The White House has announced additional funding and policy guidelines for developing responsible artificial intelligent ahead of the Biden Administration meeting with top executives in the industry.
A $140 million National Science Foundation investment will be used to establish seven new National AI Research Institutes (NAIR), bringing the total number AI-dedicated institutions to 25 across the country. Google, Microsoft Nvidia OpenAI, and other companies also agreed to let their language models be evaluated publicly during this year’s Def Con. The Office of Management and Budget announced that it will also publish draft rules for the federal government’s use of AI technology this summer.
The press release from the administration stated that “These steps build upon the Administration’s record of strong leadership in ensuring technology improves the American people’s lives, and break ground in the ongoing federal government effort to advance an integrated and comprehensive approach to AI related risks and opportunities.” The press release does not go into detail about what will be included in the Def Con assessment, but it says that “thousands of community partners and AI specialists will have the opportunity to evaluate these models thoroughly.”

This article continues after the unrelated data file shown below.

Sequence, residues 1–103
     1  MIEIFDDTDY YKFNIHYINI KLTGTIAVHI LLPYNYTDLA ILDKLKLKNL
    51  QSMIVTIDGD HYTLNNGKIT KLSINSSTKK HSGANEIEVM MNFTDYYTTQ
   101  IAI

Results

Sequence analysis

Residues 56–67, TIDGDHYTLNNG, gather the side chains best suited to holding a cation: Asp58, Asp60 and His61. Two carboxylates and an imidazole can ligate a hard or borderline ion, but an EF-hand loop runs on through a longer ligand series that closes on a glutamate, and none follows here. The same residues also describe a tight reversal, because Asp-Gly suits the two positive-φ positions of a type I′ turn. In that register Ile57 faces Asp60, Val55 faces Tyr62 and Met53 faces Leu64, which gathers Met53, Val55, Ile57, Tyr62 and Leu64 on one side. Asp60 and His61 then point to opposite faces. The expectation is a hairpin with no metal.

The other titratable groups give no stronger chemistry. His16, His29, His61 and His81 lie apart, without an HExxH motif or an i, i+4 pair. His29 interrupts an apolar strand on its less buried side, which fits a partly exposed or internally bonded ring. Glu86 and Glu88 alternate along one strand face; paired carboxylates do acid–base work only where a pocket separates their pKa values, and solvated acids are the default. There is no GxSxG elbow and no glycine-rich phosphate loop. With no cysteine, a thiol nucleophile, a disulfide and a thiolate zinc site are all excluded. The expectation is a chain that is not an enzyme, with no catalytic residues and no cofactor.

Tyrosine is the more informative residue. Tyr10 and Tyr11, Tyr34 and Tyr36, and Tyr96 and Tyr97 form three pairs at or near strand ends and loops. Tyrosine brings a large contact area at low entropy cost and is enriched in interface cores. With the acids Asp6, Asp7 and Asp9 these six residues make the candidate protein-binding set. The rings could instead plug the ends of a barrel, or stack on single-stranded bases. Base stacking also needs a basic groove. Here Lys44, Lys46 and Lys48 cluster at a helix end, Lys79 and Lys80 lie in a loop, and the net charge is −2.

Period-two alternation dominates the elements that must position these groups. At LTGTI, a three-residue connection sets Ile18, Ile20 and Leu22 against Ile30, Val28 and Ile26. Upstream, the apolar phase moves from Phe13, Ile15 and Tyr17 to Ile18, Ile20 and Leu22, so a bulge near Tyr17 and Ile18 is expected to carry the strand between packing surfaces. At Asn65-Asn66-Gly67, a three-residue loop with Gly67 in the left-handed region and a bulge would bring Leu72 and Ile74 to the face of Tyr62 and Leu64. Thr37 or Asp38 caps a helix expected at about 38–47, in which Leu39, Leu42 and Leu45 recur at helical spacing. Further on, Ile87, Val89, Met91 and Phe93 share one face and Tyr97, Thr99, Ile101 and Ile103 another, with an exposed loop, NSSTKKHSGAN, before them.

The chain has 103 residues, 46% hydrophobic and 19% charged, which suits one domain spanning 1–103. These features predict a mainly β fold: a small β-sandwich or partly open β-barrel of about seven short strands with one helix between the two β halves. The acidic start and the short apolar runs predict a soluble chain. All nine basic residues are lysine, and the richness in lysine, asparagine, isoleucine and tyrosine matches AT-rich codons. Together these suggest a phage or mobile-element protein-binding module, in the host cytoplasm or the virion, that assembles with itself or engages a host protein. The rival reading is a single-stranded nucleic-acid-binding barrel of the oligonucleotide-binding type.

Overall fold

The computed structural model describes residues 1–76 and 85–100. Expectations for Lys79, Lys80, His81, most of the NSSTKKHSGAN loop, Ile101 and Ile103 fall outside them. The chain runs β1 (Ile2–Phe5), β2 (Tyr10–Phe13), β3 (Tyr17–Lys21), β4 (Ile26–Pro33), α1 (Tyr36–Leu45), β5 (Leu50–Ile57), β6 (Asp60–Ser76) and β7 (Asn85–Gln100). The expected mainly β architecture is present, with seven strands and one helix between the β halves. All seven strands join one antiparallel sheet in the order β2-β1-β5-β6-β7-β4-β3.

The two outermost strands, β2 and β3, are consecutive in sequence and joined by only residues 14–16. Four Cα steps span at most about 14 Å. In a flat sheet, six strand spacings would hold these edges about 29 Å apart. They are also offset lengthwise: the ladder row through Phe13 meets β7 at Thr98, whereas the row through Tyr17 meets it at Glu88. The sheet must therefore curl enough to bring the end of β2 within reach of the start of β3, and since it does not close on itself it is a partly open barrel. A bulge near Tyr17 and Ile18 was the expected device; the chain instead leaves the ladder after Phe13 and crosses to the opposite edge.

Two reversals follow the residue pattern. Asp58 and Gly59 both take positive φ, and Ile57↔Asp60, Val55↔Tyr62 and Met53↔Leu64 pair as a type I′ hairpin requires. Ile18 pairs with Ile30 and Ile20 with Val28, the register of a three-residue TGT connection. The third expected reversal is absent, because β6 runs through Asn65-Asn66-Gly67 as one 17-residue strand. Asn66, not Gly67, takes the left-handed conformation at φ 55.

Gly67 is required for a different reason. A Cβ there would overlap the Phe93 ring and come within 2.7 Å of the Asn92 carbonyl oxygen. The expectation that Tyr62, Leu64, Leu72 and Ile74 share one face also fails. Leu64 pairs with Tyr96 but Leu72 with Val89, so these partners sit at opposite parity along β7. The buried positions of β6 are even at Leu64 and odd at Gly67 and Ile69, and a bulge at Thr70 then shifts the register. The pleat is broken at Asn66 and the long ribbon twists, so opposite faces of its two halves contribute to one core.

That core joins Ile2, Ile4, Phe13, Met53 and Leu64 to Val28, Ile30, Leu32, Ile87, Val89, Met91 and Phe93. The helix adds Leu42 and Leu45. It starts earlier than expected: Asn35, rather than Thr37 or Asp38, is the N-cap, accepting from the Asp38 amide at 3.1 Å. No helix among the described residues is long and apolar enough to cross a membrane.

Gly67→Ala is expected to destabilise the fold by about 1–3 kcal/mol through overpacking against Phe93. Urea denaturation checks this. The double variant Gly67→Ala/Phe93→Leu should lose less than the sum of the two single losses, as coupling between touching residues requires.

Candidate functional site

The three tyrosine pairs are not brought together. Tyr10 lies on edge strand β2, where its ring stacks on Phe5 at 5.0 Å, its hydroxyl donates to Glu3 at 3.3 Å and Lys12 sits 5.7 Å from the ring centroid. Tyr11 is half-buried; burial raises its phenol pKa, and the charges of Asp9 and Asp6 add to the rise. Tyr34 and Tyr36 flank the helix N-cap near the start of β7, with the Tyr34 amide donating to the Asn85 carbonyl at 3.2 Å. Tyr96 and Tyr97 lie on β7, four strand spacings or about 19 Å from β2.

The announcement comes before a meeting at the White House on Thursday, which will be led by Vice-President Kamala Harris and include Alphabet, Anthropic Microsoft, OpenAI, and other chief executives to discuss AI risks. The Thursday release stated that the meeting was part of an ongoing, broader effort to engage advocates, companies and researchers, civil right organizations, non-profit organizations, local communities, international partners and others about critical AI issues.
The Biden administration took its first steps to regulate AI in October by releasing a plan for an “AI Bill of Rights.” This project was designed to be a framework to encourage the use of AI technology by the public and private sector, while encouraging anti-discrimination.
In the past few weeks, federal regulators and Congress announced that AI would be a focus of their attention. In April, the Federal Trade Commission , Consumer Federal Protection Bureau , Justice Department , and Employment Opportunity Commission released a joint alert , arguing that they had already been given authority to take action against companies whose AI-based products are harmful to users.
Last week , Elon Musk and House Majority leader Chuck Schumer (DNY) met to discuss AI regulations.